data enablers

Captify And Getting Smart About Search

In the era of where “Google it” is the answer to all question big and small, the power of search and the insights one can draw from it cannot be overlooked. Most everyone remembers the time when Google was able to predict a flu outbreak more efficiently than the Centers for Disease Control & Prevention.

But leveraging search results, particularly for retailers, requires more than just access to the data — it also requires a reasonably good ability to parse what it means and draw actionable insights from it.

Which is where Captify comes into the story, since the firm’s reason for being is to help unlock search results for its retail clients so that said clients can react to 1.5 billion users worth of search data in real time.

“In the war for the coveted consumer dollar, brands need a deeper understanding of the intent, interests and motivations of consumers who shop online. Analyzing billions of search as consumers navigate across the web allows us to build a real picture of consumers’ intent and interests around products, brands their competitors or seasonal shopping trends,” Captify CEO Dominic Joseph told PYMNTS in a recent interview.

Founded in 2011, Captify, like many of the firms we profile, was created to solve a problem — Google was destroying the traditional advertising industry.

“Ultimately we came to the conclusion that the industry needed a product that was set to rival Google, with a strong differentiator — basically bringing exclusive search data together with sophisticated semantic technology to make sense of this data and help brands extract value from this search intelligence. Thus Captify was born,” said Joseph.

What brands lacked, noted Joseph, was actual insights to inform their campaigns and media spend. They also lacked an easy tool to get them to insights. There were tech solutions out there, Joseph noted, but none that was good enough or went deep enough – and they really didn’t offer much in the way of meaningful insight.

Captify, by casting a wide net and sinking it deep, could simply do it better, according to their CEO.

“2016 was our proudest moment. Moving into the U.S. and winning some of the world’s biggest advertisers has contributed to our growth of over 170 percent,” said Joseph. “Also, over the past five years, our data network has expanded globally to become one of the largest holders of consumer search data and behavior. Captify’s unique approach to search intelligence has changed the way brands demand insights today — panel data has finally become archaic, as more and more retailers are relying on real, actionable and emotional insights.”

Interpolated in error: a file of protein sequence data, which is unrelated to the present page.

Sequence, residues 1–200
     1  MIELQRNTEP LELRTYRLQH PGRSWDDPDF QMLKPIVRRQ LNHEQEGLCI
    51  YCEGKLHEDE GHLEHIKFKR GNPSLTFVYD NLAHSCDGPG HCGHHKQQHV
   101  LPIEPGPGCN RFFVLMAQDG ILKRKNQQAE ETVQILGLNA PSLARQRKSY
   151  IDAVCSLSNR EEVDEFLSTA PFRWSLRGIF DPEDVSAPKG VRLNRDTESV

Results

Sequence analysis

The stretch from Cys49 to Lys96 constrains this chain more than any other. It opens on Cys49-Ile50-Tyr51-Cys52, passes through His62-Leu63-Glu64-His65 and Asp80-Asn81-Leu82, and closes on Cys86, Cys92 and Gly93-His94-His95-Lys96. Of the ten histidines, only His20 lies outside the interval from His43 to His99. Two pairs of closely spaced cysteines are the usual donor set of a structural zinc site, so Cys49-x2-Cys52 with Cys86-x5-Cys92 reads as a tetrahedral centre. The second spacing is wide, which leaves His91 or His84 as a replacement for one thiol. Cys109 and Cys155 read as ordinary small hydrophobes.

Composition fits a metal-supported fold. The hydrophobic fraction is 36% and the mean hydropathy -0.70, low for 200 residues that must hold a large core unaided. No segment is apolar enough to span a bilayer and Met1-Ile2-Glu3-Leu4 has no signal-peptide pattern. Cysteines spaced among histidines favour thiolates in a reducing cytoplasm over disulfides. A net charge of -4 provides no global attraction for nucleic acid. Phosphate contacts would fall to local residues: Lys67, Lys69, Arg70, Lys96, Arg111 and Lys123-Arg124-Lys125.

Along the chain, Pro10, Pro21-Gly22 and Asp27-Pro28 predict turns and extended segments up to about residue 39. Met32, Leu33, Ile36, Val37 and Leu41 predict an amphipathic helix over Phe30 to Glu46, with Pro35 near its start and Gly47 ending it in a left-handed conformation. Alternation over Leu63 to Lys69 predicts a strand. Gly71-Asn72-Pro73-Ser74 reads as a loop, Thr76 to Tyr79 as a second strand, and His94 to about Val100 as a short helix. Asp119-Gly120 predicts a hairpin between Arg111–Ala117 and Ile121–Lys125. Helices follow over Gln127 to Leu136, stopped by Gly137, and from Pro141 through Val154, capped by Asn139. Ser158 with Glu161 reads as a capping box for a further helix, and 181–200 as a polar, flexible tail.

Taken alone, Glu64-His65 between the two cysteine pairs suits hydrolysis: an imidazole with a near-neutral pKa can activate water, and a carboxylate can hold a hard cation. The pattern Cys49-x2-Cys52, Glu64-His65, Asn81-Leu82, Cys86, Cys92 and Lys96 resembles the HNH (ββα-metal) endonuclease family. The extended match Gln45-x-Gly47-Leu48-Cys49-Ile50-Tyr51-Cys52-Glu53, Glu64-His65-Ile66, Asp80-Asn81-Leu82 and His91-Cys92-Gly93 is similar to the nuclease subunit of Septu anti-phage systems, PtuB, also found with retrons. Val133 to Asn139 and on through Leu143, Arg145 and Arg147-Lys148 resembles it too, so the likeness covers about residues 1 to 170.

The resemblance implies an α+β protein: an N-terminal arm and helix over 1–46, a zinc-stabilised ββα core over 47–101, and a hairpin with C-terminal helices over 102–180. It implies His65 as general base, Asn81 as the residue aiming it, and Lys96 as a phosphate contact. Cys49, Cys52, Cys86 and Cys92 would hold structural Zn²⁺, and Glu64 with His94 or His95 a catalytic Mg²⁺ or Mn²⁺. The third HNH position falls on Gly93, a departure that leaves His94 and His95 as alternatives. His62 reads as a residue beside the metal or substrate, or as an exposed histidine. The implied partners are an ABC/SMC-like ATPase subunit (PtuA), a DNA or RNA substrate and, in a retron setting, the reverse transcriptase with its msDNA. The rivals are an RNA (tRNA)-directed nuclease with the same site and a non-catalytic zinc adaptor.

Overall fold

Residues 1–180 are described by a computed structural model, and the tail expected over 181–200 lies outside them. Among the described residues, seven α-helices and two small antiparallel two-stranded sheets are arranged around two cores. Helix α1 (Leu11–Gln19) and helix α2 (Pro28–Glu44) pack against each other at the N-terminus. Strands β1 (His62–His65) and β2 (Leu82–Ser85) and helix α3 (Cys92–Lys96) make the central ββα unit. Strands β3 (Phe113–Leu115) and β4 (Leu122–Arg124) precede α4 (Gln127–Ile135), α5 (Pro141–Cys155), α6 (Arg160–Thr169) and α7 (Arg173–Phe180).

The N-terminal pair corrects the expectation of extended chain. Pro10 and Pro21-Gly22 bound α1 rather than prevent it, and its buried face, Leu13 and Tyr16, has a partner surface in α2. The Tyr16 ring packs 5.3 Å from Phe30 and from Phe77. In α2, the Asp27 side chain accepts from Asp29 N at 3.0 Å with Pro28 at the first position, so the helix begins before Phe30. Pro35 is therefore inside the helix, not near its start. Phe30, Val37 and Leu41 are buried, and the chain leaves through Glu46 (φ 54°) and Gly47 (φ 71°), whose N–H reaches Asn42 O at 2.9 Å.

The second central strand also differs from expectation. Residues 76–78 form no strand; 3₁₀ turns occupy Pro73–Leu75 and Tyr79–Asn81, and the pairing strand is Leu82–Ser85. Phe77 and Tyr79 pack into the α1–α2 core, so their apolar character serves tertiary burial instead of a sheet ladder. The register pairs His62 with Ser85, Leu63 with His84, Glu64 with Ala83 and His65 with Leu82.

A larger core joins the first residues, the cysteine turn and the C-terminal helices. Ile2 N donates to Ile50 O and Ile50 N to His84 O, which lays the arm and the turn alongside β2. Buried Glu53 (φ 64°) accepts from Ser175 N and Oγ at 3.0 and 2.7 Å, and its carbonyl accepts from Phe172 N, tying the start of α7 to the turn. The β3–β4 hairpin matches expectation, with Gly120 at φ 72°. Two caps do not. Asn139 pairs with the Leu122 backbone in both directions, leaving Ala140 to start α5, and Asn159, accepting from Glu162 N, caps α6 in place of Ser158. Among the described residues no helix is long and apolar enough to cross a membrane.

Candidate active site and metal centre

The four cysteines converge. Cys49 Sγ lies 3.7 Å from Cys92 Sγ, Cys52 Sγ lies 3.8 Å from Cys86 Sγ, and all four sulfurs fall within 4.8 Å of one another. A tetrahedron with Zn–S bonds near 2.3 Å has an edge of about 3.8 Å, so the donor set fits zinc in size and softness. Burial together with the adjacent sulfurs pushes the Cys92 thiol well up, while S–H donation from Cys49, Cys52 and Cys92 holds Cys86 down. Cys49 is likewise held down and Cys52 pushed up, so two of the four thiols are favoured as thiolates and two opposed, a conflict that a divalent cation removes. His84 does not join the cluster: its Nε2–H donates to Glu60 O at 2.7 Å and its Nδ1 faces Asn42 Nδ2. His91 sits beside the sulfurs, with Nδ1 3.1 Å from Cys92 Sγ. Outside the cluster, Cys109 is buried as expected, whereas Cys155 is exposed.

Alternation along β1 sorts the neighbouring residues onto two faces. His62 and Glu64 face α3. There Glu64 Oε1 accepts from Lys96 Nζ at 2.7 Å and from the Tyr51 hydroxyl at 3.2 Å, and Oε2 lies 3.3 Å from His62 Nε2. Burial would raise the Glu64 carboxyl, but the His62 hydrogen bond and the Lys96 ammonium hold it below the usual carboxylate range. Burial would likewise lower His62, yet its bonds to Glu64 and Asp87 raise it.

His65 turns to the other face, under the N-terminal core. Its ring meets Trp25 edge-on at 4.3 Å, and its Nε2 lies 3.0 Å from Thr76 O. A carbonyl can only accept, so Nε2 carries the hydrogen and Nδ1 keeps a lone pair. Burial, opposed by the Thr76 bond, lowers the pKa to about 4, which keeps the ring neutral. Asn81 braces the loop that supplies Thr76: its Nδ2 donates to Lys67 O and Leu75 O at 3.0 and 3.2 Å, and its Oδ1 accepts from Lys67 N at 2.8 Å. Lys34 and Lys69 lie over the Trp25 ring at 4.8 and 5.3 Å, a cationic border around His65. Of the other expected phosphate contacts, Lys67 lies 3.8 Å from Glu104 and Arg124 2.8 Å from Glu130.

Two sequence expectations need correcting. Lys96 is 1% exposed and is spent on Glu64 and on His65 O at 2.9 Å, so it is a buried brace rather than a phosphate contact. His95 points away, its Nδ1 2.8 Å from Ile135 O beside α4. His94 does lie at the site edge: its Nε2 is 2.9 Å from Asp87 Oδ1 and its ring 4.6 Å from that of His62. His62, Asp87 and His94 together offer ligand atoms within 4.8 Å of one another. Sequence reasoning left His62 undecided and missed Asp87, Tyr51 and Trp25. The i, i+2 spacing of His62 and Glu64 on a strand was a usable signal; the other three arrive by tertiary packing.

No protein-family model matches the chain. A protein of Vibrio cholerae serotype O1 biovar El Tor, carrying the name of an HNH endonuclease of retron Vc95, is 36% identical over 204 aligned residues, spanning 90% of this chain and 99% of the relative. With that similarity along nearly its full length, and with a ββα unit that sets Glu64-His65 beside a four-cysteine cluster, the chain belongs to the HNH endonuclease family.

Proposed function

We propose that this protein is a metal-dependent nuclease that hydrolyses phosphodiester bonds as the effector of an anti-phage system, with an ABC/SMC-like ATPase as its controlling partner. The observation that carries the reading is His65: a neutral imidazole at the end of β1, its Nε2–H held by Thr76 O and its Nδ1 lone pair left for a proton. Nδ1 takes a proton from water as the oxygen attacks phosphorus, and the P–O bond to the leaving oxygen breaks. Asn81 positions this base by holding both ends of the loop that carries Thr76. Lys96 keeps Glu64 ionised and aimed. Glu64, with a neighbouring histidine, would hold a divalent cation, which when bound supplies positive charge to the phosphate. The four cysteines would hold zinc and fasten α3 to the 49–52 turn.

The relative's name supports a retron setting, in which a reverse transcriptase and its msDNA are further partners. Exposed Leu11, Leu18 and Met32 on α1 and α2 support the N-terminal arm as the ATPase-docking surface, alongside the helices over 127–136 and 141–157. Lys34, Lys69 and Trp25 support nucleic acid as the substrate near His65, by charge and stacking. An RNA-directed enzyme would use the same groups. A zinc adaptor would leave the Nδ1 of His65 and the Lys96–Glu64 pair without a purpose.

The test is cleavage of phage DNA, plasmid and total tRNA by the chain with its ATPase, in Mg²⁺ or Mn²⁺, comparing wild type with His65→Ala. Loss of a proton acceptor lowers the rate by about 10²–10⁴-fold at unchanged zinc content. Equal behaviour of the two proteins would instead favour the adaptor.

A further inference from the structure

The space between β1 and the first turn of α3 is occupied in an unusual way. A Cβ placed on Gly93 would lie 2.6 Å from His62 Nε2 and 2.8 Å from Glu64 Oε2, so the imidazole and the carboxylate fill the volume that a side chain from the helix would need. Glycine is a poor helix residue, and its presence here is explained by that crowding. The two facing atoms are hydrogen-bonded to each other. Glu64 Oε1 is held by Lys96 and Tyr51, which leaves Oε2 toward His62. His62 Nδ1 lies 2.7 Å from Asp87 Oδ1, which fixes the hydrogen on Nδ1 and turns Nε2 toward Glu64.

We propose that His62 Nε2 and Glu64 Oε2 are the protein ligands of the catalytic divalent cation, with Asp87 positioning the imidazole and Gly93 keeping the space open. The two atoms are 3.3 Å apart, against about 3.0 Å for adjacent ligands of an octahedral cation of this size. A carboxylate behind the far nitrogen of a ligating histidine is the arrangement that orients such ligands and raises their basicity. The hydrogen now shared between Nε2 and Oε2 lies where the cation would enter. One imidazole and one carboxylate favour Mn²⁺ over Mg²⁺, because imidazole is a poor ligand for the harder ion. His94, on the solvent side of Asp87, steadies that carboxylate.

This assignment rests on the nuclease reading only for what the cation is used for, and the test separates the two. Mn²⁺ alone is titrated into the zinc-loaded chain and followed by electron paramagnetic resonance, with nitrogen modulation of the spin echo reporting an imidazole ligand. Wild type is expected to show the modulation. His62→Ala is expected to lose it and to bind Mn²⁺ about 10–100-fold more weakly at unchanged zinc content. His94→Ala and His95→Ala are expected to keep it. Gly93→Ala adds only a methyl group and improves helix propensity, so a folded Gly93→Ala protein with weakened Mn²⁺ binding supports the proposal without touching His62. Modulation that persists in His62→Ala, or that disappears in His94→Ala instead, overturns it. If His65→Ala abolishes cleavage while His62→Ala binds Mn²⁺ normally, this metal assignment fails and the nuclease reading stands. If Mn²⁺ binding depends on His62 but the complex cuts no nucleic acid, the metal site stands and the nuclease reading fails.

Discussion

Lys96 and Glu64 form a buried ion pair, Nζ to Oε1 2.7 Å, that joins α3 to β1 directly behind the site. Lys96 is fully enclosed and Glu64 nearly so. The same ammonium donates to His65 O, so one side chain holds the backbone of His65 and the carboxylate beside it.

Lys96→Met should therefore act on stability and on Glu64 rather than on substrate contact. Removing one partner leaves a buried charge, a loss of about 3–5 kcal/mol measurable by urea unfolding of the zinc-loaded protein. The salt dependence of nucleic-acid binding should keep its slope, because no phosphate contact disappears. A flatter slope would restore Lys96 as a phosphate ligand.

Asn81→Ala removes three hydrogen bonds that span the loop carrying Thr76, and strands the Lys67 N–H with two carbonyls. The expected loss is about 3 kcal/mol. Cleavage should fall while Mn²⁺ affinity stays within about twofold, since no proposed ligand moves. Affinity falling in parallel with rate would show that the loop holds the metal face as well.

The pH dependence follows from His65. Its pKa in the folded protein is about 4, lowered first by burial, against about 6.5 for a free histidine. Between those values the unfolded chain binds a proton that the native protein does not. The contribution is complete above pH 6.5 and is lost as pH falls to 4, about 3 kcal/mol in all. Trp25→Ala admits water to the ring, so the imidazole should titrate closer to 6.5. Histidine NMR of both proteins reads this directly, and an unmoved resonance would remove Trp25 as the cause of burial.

So where does Captify go from here?

Their CEO said the only place to go is “the next level,” which means applying search intelligence where it hasn’t been used before — TV, social media and virtual reality.

“Our constant goal is to be always evolving and enhancing the Captify product to stay ahead of the latest technology. Additionally we’re looking to meet our demand head on by growing across international markets.”

The work isn’t easy — smarter searching has become a more competitive environment in the last year — and Captify has what its founder has described as a “unique culture” that is more challenging to retain the larger and more global the firm becomes.

“When we first launched, it was just myself and Adam along with three employees, all of whom I’m proud to say are still with the company today. Now we have over 140 employees, with a five-year retention rate of 98 percent. We’re planning to rapidly grow this number over the next year,” Joseph noted of an working environment that he described as “fun, hardworking, collaborative, where everyone has a voice.”

“We don’t want to be like other large faceless companies. We put our people first, and work hard to break down the barriers that too often exist within a global business. Communication is key for our teams, something we celebrate with frequent company trips overseas to connect teams, a group Whatsapp account for social connections and Slack instead of email.”

Joseph said that from their earlier, and smallest, days, the firm has operated on a single idea: Good things will happen if you surround yourself with good people.

As long as you can remember to listen to their ideas.

“We’re not afraid of good ideas — even if they come from the intern.”

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